Michelle Rhee, the fiery former Washington, D.C.,school chancellor, has danced a tricky tango since starting her national advocacy and lobbying group, StudentsFirst, in December 2010.
Rhee purported to be the face of a bipartisan movement to “transform education,” while simultaneously battling Democratic teachers unions and appearing chummy in photo ops with conservative Republican governors like Rick Scott (Fla.) or John Kasich (Ohio).
All the while, a small cadre of influential Democrats stood behind her, helping her craft messages on things like her positions on unions (that they are entitled to collective bargaining on salary issues), and trying to fend off attacks from the progressive community (one in particular thwacked her explicitly for her right-wing contacts). But in the last few months, these Democrats — including the group’s vice president of communications, Hari Sevugan, as first reported by education blogger Alexander Russo — have left the group, ceding control to a group of new hires, including president Kahlil Byrd.
Dmitri Mehlhorn, the group’s former COO, has left to lead Bloomberg Law. Mike Phillips, who served as Rhee’s chief of staff for communications, took a leave of absence this fall to work on Sen. Chris Murphy’s (D-Conn.) campaign, but ultimately never rejoined. Tali Stein, a former Hillary Clinton fundraiser who led StudentsFirst’s development, left two months ago to focus on other projects. Ximena Hartsock, a Democratic lobbyist, also left.
“There were known to be some significant differences on political strategy and policy matters, especially in StudentsFirst’s approach toward unions and partisanship,” said a source close to the education reform community who declined to be named in order to preserve working relationships.
Byrd, a self-described Republican, once directed communications for Massachusetts Gov. Deval Patrick’s (D) gubernatorial campaign. More recently, Byrd ran Americans Elect, a bipartisan group that sought to find new pathways and people for the American presidency. He brought with him several other new staffers, press secretary Ileana Wachtel and donor relations manager Kellen Arno.
In an interview Friday, Byrd told The Huffington Post that he sees his job as shepherding the 120-person organization into maturity beyond its start-up phase. “People like Hari are now moving into positions where they are able to give us strategic direction,” he said.
Sevugan declined to comment on the record, but two sources with knowledge of the situation said Sevugan left because he thought new management seemed less concerned with maintaining StudentsFirst’s bipartisan credentials.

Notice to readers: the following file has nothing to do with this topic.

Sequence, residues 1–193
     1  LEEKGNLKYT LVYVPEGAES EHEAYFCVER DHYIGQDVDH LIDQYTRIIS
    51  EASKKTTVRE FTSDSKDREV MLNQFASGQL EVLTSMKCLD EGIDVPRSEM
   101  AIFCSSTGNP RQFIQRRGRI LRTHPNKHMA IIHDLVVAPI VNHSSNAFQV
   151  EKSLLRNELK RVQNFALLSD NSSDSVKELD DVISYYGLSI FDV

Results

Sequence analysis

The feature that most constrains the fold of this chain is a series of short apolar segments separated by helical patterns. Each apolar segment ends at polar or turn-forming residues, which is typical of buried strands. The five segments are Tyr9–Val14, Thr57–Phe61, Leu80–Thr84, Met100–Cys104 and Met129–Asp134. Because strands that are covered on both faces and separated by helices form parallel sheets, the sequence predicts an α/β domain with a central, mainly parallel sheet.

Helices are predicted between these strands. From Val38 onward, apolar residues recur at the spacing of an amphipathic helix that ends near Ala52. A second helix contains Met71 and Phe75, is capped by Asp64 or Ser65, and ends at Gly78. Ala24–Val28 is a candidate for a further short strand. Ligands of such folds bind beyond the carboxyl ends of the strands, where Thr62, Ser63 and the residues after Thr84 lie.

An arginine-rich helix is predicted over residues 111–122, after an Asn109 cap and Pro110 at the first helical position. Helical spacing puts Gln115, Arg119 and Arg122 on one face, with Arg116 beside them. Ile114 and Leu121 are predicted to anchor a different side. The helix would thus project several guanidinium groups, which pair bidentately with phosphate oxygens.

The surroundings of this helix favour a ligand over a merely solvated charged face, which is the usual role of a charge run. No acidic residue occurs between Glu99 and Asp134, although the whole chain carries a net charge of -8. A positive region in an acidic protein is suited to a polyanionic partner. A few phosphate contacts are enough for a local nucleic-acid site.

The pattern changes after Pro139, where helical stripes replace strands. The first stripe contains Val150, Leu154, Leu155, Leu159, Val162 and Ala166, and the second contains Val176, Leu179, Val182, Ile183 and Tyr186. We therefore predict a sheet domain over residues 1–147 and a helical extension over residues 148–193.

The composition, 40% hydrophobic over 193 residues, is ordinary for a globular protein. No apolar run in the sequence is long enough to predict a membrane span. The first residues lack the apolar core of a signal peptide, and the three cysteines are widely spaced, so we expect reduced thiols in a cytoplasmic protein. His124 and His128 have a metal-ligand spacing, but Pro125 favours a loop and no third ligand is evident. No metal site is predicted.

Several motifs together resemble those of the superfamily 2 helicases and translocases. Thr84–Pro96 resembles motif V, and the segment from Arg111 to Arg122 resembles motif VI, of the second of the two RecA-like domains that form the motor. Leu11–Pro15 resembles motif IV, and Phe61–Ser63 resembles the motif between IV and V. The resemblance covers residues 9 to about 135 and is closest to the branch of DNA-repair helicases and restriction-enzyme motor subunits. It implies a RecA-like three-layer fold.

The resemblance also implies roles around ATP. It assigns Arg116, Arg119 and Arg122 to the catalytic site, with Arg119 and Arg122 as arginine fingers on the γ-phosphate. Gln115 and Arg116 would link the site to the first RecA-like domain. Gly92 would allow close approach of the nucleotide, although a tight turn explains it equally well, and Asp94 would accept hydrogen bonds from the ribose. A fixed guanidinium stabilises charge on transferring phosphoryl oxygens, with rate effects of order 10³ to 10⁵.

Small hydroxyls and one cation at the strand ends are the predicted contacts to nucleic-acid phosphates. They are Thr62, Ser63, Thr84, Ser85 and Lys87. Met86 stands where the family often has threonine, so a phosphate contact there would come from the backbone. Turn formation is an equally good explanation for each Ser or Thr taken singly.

This difference in opinion, some say, came to the forefront when the organization decided in the fall to spend money to fight Proposal 2, an initiative that would have enshrined collective bargaining as constitutional in Michigan.
The decision seemed out of sync with stories that emerged during the Democratic National Convention a few months earlier that painted Rhee as having broad Democratic support. The organization handled a similar situation in Tennessee in 2011 quite differently, with Rhee blasting the airwaves with messages of support for collective bargaining.
“It seems to me that the direction taken in the past five months is a direction … to say we’re going to focus a lot more on changing laws — developing resources with a focus on changing laws, shaping election with a focus on changing laws — as opposed to changing the environment, building a long-term movement,” said a source close to the organization who declined to be named to avoid severing relationships.
The shake-up is significant because if SF is less concerned about its positioning among progressives, that could decrease its credibility among Democrats, imperiling the bipartisan appeal of the group. The drive to increase educational standards, increase scrutiny on teachers, and to open up public schools to non-government managers in the form of charter schools, has thrived as both Republicans and Democrats agree on elements of it.
“If you want to change laws in the next two years, the place to go is to Republicans,” the source said. “If you want to build a movement to endure over five years, you will have a higher level of interest building support for education reform within the Democratic Party.”
The departures from SF were followed by a series of confused public messaging. When blogger Russo asked about the group’s position on Michigan’s right-to-work legislation, a representative first responded by saying “the debate over collective bargaining is demonstrative of what’s wrong with education policy generally — it’s focused on the needs and rights of adults instead of what’s best for students.” The group later sent Russo two updates, with one noting the former position.
Similarly, after the Newtown shooting, the group first told HuffPost reporter Dave Jamieson it declined to take a position on a Michigan bill that would allow concealed firearms in schools. The group then followed up with a letter from Rhee opposing the legislation.
“They were able to talk the talk that it is bipartisan,” said Kombiz Lavasany, who directs strategic campaigns for the American Federation of Teachers, a union Rhee has sparred with. “But [after things like the guns episode] … I can see how it would be harder and harder for the Democrats to work there.”
When asked about a potential switch in focus and messaging, Byrd said, “Our focus is to pass good laws and policy around the country.”
But others were more blunt about the shift. “It gets tiresome to have to defend who we are,” said a senior SF officer, who declined to speak on the record.